So yes, the market is hot… but no, the biggest price increases aren’t behind us. Housing can keep soaring from here.
If you still don’t believe that, you have to consider something else: housing affordability. The reality is that record-low interest rates have kept housing affordable even as prices soared.
You can see it in the chart below. It shows housing affordability, which takes incomes, interest rates, and home prices into account. A high level means housing is more affordable…
A reading of 100 on the chart means an American family with a typical income can afford the typical home. A reading of 150, like we have today, means that a family can afford 150% of the typical house price.
That tells us that housing is actually darn affordable throughout the U.S. today. And despite a recent fall, we’re still above the long-term average.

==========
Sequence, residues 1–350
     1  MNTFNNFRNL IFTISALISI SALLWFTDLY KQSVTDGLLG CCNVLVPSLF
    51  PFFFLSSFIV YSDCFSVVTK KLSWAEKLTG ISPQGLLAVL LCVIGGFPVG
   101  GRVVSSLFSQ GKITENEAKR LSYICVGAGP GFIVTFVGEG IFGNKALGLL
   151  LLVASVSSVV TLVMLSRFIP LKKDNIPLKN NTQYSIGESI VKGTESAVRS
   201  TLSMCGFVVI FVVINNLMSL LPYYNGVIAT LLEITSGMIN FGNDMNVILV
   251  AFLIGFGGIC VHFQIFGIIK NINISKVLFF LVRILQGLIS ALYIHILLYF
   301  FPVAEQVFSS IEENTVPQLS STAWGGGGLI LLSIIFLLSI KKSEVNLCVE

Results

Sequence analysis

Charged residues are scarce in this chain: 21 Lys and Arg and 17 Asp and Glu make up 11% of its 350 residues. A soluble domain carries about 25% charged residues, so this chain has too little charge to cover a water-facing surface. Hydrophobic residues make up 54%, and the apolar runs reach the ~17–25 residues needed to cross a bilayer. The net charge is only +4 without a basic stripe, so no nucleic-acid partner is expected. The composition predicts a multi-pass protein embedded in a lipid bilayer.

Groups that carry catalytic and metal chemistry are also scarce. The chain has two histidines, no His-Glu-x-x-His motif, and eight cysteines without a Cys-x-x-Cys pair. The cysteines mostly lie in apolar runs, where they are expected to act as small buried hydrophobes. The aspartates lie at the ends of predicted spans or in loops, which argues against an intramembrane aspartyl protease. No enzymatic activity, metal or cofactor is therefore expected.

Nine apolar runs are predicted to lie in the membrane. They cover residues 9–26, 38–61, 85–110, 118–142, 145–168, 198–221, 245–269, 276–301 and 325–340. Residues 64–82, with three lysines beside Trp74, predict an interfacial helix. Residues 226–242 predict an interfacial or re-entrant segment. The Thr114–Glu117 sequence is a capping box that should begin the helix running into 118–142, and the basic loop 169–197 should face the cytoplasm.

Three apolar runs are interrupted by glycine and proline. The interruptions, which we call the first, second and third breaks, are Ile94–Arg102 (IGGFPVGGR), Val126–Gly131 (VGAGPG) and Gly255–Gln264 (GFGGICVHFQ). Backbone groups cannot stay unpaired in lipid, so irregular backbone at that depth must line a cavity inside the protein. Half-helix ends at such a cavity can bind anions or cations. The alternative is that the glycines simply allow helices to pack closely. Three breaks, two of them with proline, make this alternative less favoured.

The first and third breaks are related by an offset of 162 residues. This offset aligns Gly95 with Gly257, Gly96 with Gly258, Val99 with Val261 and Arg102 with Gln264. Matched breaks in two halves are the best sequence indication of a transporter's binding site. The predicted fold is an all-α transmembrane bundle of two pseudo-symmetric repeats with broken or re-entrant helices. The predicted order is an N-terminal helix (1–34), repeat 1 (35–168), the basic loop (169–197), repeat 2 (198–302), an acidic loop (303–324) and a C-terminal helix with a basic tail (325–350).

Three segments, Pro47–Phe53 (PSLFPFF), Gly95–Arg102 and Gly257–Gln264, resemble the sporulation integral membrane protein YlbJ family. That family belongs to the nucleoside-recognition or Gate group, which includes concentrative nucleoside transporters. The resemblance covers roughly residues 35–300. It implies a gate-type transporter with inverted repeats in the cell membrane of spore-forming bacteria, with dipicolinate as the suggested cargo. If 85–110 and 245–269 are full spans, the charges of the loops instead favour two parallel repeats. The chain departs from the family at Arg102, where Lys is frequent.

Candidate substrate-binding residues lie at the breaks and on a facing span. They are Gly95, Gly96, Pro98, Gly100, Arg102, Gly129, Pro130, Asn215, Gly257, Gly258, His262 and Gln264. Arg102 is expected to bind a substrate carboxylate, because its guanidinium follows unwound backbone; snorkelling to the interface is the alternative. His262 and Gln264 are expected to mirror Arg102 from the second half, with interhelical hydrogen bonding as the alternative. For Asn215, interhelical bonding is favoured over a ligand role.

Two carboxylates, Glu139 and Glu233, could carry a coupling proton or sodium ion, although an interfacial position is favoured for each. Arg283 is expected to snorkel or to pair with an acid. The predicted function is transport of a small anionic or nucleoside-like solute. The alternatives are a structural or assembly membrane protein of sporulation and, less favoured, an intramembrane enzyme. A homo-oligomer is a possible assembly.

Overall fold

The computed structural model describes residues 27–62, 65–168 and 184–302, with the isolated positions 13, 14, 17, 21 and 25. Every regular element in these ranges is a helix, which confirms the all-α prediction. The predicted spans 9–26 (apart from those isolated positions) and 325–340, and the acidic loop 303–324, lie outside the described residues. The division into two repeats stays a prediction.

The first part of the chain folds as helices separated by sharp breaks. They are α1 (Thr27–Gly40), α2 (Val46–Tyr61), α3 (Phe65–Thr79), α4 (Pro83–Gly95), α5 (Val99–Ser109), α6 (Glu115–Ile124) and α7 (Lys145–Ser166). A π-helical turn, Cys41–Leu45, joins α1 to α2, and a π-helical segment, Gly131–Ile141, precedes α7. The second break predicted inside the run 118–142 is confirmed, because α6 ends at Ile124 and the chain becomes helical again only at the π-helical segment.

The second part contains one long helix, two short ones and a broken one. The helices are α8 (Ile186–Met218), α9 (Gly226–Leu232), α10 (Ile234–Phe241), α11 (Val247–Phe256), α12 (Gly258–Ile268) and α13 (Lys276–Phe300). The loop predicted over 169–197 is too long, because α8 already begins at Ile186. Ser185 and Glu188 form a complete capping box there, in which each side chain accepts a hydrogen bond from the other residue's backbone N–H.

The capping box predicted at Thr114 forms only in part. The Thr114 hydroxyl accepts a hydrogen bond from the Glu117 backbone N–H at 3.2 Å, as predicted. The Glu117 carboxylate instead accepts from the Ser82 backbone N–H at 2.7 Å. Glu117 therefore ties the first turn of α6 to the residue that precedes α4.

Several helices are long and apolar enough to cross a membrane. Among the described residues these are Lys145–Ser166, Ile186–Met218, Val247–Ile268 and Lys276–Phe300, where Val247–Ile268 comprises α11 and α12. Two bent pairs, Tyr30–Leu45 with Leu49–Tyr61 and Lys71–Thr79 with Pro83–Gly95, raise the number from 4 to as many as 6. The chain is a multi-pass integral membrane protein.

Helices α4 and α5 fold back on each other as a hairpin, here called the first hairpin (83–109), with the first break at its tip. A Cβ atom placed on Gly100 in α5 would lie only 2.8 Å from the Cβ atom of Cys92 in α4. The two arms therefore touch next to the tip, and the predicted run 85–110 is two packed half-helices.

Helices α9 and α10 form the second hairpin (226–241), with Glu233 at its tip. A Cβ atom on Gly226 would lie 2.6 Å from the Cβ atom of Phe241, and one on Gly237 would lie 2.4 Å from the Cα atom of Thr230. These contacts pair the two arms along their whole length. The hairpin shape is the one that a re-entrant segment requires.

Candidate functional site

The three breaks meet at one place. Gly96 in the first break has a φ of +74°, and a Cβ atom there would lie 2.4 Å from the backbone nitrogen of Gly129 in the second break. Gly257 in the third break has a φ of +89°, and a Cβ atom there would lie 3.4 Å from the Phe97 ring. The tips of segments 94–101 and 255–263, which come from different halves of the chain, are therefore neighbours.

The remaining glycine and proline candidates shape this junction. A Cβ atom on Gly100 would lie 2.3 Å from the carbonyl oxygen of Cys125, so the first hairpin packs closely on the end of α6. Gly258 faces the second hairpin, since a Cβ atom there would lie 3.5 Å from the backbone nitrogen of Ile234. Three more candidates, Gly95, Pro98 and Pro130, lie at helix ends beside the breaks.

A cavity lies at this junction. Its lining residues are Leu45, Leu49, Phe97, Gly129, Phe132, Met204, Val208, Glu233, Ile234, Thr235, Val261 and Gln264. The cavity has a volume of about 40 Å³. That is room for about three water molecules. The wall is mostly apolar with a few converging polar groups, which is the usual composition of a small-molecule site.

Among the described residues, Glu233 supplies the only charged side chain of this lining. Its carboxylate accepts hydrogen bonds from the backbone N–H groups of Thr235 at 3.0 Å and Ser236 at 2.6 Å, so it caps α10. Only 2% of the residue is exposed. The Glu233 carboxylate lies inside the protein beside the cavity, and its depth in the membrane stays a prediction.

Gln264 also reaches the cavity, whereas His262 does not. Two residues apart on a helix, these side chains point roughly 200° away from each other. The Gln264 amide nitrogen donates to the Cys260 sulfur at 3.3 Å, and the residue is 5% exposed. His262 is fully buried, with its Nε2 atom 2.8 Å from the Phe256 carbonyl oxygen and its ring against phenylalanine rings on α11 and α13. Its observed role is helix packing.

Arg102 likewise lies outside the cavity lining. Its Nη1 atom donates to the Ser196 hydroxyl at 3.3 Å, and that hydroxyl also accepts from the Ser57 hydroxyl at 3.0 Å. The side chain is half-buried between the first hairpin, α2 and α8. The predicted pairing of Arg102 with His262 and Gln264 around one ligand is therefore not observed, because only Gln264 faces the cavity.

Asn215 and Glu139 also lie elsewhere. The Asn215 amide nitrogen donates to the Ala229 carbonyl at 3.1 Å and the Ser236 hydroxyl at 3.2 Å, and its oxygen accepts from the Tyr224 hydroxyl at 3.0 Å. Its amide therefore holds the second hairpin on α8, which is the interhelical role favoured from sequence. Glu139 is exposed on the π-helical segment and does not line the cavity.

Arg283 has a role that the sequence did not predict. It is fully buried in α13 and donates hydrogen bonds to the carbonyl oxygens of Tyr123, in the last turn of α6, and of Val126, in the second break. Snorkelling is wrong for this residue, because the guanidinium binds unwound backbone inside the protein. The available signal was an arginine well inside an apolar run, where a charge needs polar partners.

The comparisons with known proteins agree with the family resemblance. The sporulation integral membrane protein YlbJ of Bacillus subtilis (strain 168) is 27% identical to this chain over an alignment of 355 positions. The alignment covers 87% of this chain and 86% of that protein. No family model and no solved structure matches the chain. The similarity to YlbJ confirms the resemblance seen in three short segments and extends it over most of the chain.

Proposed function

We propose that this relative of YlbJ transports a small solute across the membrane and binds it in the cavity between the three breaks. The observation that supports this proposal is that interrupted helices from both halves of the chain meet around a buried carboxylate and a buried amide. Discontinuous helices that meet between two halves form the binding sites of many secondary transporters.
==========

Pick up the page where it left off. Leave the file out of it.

This paints a picture that few see in housing today. Yes, prices have soared… but they’ve simply been playing catch-up. And despite those increases, homes are still affordable.
That’s why this time is nothing like the mid-2000s. And it’s why the rise in home prices doesn’t scare me. Instead, the smart bet is that those gains will continue.
P.S. Steve’s story today is just the start of what he thinks will be the best decade for housing in history. He’s comparing it to gains on the recent meme-stock phenomenon… but with a much more quality investment. And as Steve says, housing isn’t just a market frenzy – “it’s one of the most powerful rapid wealth multipliers on the planet.”
He just released a new free presentation where he explains all the details. Click here to see why Steve is personally pouring almost every dollar of his own investible wealth into this market right now.
Love us? Hate us? Let us know at [email protected].
Managing Editor, American Consequences
With Editorial Staff
September 13, 2021